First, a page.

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July 17, 2000
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PDF icon CIA-RDP75B00380R000800140029-2.pdf236.17 KB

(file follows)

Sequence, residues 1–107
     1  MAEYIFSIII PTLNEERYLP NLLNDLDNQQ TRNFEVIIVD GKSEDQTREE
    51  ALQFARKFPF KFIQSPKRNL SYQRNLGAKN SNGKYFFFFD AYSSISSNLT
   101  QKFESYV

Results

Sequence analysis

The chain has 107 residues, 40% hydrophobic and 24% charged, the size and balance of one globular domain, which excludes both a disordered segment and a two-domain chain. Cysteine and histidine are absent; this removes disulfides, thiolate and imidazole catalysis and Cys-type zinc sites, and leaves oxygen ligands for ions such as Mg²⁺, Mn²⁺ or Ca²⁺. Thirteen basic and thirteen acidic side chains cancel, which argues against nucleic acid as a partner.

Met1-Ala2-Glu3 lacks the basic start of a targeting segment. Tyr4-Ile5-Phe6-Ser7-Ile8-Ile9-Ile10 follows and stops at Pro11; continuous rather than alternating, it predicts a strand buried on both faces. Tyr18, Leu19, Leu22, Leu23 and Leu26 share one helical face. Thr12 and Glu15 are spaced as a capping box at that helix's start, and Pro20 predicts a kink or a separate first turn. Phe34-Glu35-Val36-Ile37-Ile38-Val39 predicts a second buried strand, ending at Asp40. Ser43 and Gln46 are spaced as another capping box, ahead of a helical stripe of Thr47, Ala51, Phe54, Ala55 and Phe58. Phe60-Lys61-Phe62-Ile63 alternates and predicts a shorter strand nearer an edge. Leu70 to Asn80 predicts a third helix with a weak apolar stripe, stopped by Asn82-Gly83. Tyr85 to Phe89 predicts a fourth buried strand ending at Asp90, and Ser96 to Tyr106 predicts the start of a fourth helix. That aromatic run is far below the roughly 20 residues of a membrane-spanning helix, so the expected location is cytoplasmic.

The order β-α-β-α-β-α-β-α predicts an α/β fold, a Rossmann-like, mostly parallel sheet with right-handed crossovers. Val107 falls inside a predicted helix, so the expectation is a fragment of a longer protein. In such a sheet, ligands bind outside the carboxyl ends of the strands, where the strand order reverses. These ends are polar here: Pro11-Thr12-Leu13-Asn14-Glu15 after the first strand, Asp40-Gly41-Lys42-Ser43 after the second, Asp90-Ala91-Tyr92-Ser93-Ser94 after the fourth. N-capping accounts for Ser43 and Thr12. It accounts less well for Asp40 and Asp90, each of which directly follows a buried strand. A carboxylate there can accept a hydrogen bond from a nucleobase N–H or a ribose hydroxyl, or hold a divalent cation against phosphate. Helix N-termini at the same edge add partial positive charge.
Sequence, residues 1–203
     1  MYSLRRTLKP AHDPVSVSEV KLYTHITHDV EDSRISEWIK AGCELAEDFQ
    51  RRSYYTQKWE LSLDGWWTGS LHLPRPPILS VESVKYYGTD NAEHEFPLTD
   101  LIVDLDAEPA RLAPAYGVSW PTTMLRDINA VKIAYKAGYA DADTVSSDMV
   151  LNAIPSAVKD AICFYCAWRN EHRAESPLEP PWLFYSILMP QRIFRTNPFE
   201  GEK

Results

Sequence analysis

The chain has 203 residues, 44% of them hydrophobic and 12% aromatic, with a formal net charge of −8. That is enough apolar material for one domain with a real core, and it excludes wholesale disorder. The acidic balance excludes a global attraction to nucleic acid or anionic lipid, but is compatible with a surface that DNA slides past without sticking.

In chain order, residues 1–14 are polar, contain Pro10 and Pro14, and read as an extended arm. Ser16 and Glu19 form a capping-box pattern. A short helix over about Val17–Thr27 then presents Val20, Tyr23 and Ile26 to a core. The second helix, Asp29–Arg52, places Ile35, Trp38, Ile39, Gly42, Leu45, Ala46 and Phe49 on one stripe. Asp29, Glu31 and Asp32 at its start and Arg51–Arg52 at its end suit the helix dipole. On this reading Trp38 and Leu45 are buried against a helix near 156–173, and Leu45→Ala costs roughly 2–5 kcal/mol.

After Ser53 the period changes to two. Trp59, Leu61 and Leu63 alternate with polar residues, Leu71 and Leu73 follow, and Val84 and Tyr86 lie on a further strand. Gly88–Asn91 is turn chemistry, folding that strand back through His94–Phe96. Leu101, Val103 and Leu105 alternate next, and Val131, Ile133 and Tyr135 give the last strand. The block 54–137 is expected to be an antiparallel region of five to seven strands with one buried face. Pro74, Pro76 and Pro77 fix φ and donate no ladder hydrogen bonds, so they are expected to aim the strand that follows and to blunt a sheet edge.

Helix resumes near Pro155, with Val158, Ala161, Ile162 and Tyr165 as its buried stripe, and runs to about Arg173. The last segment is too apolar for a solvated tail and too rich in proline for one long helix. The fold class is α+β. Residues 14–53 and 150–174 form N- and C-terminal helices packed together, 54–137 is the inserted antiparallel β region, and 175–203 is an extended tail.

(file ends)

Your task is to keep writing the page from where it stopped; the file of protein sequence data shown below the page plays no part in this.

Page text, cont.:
Approved For Release 2000/08/27 : CIA-RDP75B0038OR000800140029-2 Mrs. Garrison talks about home life in the midst of In almost every home where there are youngsters, alarm-clocks are about as useful as celluloid collars. In one particular home a one-year-old with the imperial name of Eberhard Darrow sounds off each morning at about G:30. He draws an immediate response from his Gulliver-sized father, who quickly rises and in short order has Eberhard Darrow quiet and contented with a full bottle. Then the father quietly shaves and dresses. At exactly 7 a.m. he nudges his sleepy wife and says with sunny gusto, "O.K. Egg, time to get tip. Let's go " So starts the clay for Jim and Liz Garrison and their five children. All during the much-publicized investi- gation and even at the height of the Clay Shaw hearing, Jim would turn off the Eberhard "clock," wake Liz and then have breakfast and talk with the rest of the Garrison brood before leaving for his office. ",Jim is a typical, doting father at home," says Liz. "Since the investigation came out in the newspapers, we've had to make a lot of changes, and I've had a hard time adjusting to our not having privacy any- more. But I guess we have lived as normally as could be expected under the circumstances." For Elizabeth Ziegler Garrison, there appear to be few circumstances which she could not handle normal- ly and in stride-whether it be feeding breakfast to twenty unannounced newrnen or appearing fresh and elegant at a late dinner party after a one-hour notice from her husband. Liz, 31, married Jim eight years ago after dating him for about four years. They met at the law offices of Deutsch, Kerrigan, and Stiles where Jim was an attor- ney and she was a file clerk. The first child, James Robinson, arrived a year later. 'T'hey nicknamed him Jaspar. Ile was followed by Virginia, who is now 5; Lyon I larrison ("Snapper") , age 3; Elizabeth Ziegler, 2; and Eberhard Darrow. "Jim says if the next one is a boy," laughs Liz, her hazel eyes sparkling, "we will name him William Shaw which he thinks is ludicrous or Roachelda, because I just panic when I see a roach." A trim (5' 5", 125 lbs.) and attractive woman with a classic face topped by ash blonde hair, Liz looks more like a post-season debutante than a housewife and mother. Her perfect complexion, the barest whisper of lipstick or makeup, the just-right hairdo, and the snug, simple Teal Triana dress all show a calm refinement and cool poise that do not disappear even when tier five children are attempting to rearrange the formal living room of their comfortable home on Owens Bou- levard in the Bancroft Park section. Such was the case when Liz was being photographed and interviewed one breezy afternoon three weeks ago. "The three oldest children know something is going on," said Liz, "and though they have always been live- ly, lately they've almost been little brats." She paused, got up, and smacked Virginia on the backside for climb- ing over the sofa. "We have a guard posted in front of the house." she continued, "and have changed our phone number so that only a few people have it, but the house looks like a bus depot sometimes." Liz got up quickly and went to a big window where a handsome piano stood. She grabbed Snapper from the' piano and brought him to the door. "O.K., young man, out you go." Apologizing, she sat back down and said, "I haven't finished decorating in here yet and often wonder if I ever will. Jim plays the piano by car and I think quite well. We plan to start Virginia taking lessons and I hope to learn with her, that is, if the piano lasts." Be- fore she could continue, the phone rang, followed by the doorbell and a whimpering two-year-old Elizabeth. "Then there was a knock on the door and a man stuck his head in the living room. "Olt, hello, Joe," Liz said cheerfully and introduced him as Joe Riorda, who with his wife, Dottie, are neighbors and best friends with the Garrisons. Joe dAp'Wk 1 *461kFW1ftS4=2Ode1O8/1&71t~ (M*-k[Jo#TSIi 0038eKv6dOAmK4but19nj then went to answer the ringing names and nicknames. Ile never calls me Liz. It's phone as Liz picked up her daughter and patted her. usually Egg, because he says I'm an egghead, or Edna, "It's Jim, he wants to talk / co)rtinulcfi on /oge 48 Approved For Release 2000/08/27 : CIA-RDP75B0038OR000800140029-2 BEST COPY Available THROUGHOUT FOLDER Approved For Release 2000/08/27 : CIA-RDP75B0038OR000800140029-2 . Approved For Release 2000/08/27 : CIA-RDP75B0038OR000800140029-2 it all Approved For RelegA 2000/08/27 : CIA-RDP75B0038OR00080014 40 #Yer .t,kibe% 8j 2 j : CIA-RDP75B0038OR000800140029-2 MRS. GARRISON cont. from page 10 -Sy t Whether you prefer the Conven. tional, Continental or Tradition- al look, you'll find it at Gemel- Ii's. Charge accounts are in- vited. Complete Formal Rentals Free Parking Next Door Gemelli's 117 Camp Street 524-2801 TIMES HAVE CHANGED (BUT WE HAVEN'T) It1 For the past twenty-three years we have served New Orleans with its demands for temporary help, in find- ing the right person for that clerical position and the exact man for that industrial post. Times have changed; but people still call for us. EMPLOYERS OVERLOAD CO. Specialists in Temporary Help OFFICE CLERICAL DIVISION 1405 Natl. Bank of Comm. Bldg. 524-0387 INDUSTRIAL DIVISION 700 Carondelet Street 0 522-1466 A I Affiliated - EMPLOYMENT SERVICE Apps dl. r,Redeasen2@01081 524-8281 to you, Liz," Riorda called from the other room. "O.K., coining," Liz answered, reach. ing for the afternoon newspaper and spreading it on the floor. "Now, Eliza- beth, why don't you read the news- paper. When Liz returned, Elizabeth had torn up the newspaper and appeared headed for one of the half dozen chess sets her father keeps around the house in various stages of play. Liz picked up the child and handed her to Mattie, the maid. Liz and her husband talk politics a lot, and he has kept her up-to-date on the investigation. She says that some- times he'll be restless and wake her up at 2 or 3 a.m. to talk about the latest developments. Because teachers at school were wor- ried about the children, the Garrisons hired a detective to take the two oldest to school and watch them during play periods. In addition, he checks people coming to the house. "I'm a little em- barrassed because he ends up most of the time being just a baby sitter." Though the phone rings as much as be- fore the number was changed, Liz has received no crank or threatening calls. One phone call of five weeks ago slid shake her up, however. "A reporter from Life was here going through sonic old photographs we had. The phone rang, I answered it, and it was for her. When she came back in the room, she looked at me quite strangely and said, '1 don't know how to tell you this, but it's rumored your husband has been shot. It was on the radio.' My mother and father were here, and it was lie who kept everything calm. My mother just went to pieces. Then, about 20 minutes later Jim walked in and I couldn't believe it. I started hug- ging him just to convince myself lie was alright." Yet, Liz still finds time to grocery shop; to play bridge; shop for hers and the children's clothes; ride her bicycle to the store or grocery; go to the beauty salon once a week; look for bargain fur- niture; read Time weekly to keep abreast of the news; do embroidery (she loves to cross-stitch) and needle point; meet Jim at any time; and be ready for sur- prises at a moment's notice. "It was tile Sunday after the inve a recent surprise. "Jim forgot to tell me he invited 'a few newsmen' to break- fast. There I was, the kids at various stages of dress, when about twenty peo. ple poured in. I scooted to the kitchen, scrambled eggs, made bacon, toast and coffee and served them. The china and silver didn't ntatcli, the kids ran wild, and we had a ball." All tier experiences with the press haven't been that pleasant, however. Several weeks ago, two reporters. tried to follow her when she went to Ma- nale's for dinner with friends. "It was pretty gruesome." But, she is philosophical about such things, including critics of tier husband ("I have complete faith in what he is doing") and his handling of the iuves- tigalion. A close friend says of Liz, "She is a person of strong convictions on things that really matter. But, she is also a truly charming woman who could not be nasty or rude to anyone. And Liz never (trenches anyone in unwel- comed good will." The phone calls, the people in the house, the curious stares wherever she goes, the guard and detective, the irreg- ular hours, the unfinished work, all this the unruffled Liz believes will have to end sometime. "And I've let Jim know quite firmly," she says in mock serious- ness, "that when this case is all over we are going away and take a trip. Whcrc will we go? I don't know. A cruise would be nice. But., it will probably never happen. I'll be happy if we get as far as the Gulf Coast." No matter what the outcome of Jim's case, one thing is certain, things arc in control at the Garrison household. + 29-2